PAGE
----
Less than 24 hours ago, the staff at The Sampson Independent enjoyed a wonderful morning. The birds were chirping; the sky was blue, and the sun was bright. And all was peaceful and serene in newspaper land thanks to one thing — the primaries are history.
Yes, even though I am no longer a staff member of Sampson County’s only daily publication, I can tell you in detail just what the morning after election feels like. It feels like you have been set free from a dragon whose hot breath has been pounding on your skin for months. It is a glorious time, the morning after an election, and those outside of the news world should take a moment and thank the reporters and staff there for seeing to it that each race was reported in a swift manner.
To give you an idea of just what it takes to get those most sought after election results and stories in the paper, I think I will reminisce on my time putting the pen to the pad in order to get race results to the people.
First of all, an election requires a great deal of planning for a reporter. In fact, as soon as a person contacts the newspaper to let them know they are running, the election process has started. With the first call, you have to drop what you are doing and cover the filing where you get the typical photo of the person signing papers with their family and well wishers in the background. Then, you usually would write a short profile about the candidate asking them basic questions like “Why are you running?” and “Why are you qualified for this office?” Then, you have to go back to work and put together this masterpiece that, hopefully, informs the public about the candidate.
I recall that one year I had the responsibility of leading the interviews for the school board, and low and behold, I believe there were at least 11 different people running. You can imagine my heartburn when it occurred to me that I also had to do question and answers for each and every candidate as well. In fact, I think just giving the interviews for the “Q and A’s” took me a good month to schedule and put together.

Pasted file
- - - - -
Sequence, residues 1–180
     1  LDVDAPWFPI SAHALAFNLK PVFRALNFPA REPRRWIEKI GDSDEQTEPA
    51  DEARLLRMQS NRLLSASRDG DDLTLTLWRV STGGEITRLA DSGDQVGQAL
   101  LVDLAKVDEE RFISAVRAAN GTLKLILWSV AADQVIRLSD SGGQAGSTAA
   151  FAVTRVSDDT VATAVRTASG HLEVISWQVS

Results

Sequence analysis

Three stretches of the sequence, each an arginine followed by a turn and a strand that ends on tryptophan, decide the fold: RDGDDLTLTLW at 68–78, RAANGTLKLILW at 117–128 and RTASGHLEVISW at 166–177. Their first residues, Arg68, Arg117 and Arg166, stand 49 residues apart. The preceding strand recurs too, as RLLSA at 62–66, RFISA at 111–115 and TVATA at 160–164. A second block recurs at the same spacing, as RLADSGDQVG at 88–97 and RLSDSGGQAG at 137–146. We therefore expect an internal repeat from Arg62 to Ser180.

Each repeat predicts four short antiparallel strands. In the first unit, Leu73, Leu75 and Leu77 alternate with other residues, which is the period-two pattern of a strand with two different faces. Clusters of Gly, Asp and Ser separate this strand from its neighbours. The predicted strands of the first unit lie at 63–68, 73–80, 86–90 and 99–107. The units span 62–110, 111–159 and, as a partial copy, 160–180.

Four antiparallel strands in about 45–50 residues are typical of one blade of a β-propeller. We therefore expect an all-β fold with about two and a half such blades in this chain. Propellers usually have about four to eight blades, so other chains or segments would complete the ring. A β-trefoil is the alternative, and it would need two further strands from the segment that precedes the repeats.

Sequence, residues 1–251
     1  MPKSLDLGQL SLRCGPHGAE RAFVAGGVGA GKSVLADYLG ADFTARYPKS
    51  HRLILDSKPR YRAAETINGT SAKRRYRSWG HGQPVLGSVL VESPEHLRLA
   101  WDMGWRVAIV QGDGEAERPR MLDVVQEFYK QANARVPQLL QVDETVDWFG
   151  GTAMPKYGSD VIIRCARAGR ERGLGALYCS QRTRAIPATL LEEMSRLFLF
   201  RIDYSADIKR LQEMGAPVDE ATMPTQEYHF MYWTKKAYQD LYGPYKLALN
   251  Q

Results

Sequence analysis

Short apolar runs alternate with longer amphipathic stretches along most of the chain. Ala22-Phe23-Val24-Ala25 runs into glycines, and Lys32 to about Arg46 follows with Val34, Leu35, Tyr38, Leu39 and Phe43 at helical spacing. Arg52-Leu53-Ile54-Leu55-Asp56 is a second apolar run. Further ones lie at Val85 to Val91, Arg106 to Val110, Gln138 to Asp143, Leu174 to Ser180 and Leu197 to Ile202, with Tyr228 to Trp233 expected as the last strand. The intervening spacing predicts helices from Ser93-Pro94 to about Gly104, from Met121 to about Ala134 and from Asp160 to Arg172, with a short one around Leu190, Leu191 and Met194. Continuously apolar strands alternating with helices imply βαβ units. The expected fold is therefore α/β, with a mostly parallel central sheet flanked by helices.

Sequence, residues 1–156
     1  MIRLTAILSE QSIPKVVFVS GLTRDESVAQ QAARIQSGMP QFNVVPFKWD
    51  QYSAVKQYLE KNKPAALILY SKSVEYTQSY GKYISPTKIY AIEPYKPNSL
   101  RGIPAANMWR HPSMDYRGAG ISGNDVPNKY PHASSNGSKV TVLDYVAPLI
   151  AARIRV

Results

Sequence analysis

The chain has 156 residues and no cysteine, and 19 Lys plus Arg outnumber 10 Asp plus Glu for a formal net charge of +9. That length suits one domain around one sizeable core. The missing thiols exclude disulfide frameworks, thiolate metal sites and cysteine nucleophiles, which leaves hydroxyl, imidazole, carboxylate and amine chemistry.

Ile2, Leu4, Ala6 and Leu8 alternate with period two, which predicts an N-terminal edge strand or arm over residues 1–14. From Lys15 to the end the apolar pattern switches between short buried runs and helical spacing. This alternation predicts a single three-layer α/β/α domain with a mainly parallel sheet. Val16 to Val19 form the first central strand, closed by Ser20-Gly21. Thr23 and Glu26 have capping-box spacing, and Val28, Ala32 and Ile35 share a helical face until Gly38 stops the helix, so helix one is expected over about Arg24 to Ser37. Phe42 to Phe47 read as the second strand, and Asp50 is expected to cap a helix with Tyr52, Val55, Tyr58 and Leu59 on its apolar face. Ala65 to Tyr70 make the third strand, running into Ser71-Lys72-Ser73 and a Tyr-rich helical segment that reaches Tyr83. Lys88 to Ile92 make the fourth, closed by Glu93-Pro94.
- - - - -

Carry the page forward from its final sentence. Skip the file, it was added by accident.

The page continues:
On the morning of the election, you have to make sure you can reach each candidate as soon as the results are in. Then, as election night arrives, the real fun begins. The goal is to get every result for each race before anyone else gets a hold of it. This requires a great deal of patience for any reporter since it calls for lots of waiting. Once you get the all-important results, you have got to move faster than the speed of light to get all the candidates’ comments and write a results story. In just a matter of a few minutes, the story has to be to the editor and placed on the internet for the world to see. At the end of the rushed, rowdy evening, we all breathe a sigh of relief and eat a cold slice of pizza to toast the fact that yet another primary or election is over.
While this may sound fun, it takes a toll on the average reporter since it requires so much diligent work. Therefore, I think it is only appropriate to thank those who worked their little fingers off to get us our election results so quickly. Yes, this is for you, Sherry, Doug, Chris and Billy. Thanks for the hard work, and hopefully, you can relax a moment. I, too, remember the birds chirping just a little louder the morning after the big race to the finish line.
(Editor’s note: Katie Holland can be reached by email at email@example.com.)